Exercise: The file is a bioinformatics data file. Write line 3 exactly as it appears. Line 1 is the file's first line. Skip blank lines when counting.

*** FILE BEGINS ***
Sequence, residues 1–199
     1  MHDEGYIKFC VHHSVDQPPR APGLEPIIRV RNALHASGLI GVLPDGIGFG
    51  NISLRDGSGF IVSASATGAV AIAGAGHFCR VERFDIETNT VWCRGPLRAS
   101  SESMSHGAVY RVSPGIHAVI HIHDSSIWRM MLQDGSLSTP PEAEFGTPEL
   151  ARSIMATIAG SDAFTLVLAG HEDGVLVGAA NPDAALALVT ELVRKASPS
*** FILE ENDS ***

    51  NISLRDGSGF IVSASATGAV AIAGAGHFCR VERFDIETNT VWCRGPLRAS